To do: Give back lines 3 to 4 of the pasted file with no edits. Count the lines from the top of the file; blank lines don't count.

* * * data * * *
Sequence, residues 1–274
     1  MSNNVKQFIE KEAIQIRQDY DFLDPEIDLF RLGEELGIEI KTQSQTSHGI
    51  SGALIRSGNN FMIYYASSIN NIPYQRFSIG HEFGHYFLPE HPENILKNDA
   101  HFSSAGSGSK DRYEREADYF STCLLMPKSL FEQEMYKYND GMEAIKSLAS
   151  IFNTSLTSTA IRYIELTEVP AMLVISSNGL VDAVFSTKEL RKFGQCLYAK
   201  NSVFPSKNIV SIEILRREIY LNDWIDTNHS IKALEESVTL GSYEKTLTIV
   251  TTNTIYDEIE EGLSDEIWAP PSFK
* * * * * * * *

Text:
    51  SGALIRSGNN FMIYYASSIN NIPYQRFSIG HEFGHYFLPE HPENILKNDA
   101  HFSSAGSGSK DRYEREADYF STCLLMPKSL FEQEMYKYND GMEAIKSLAS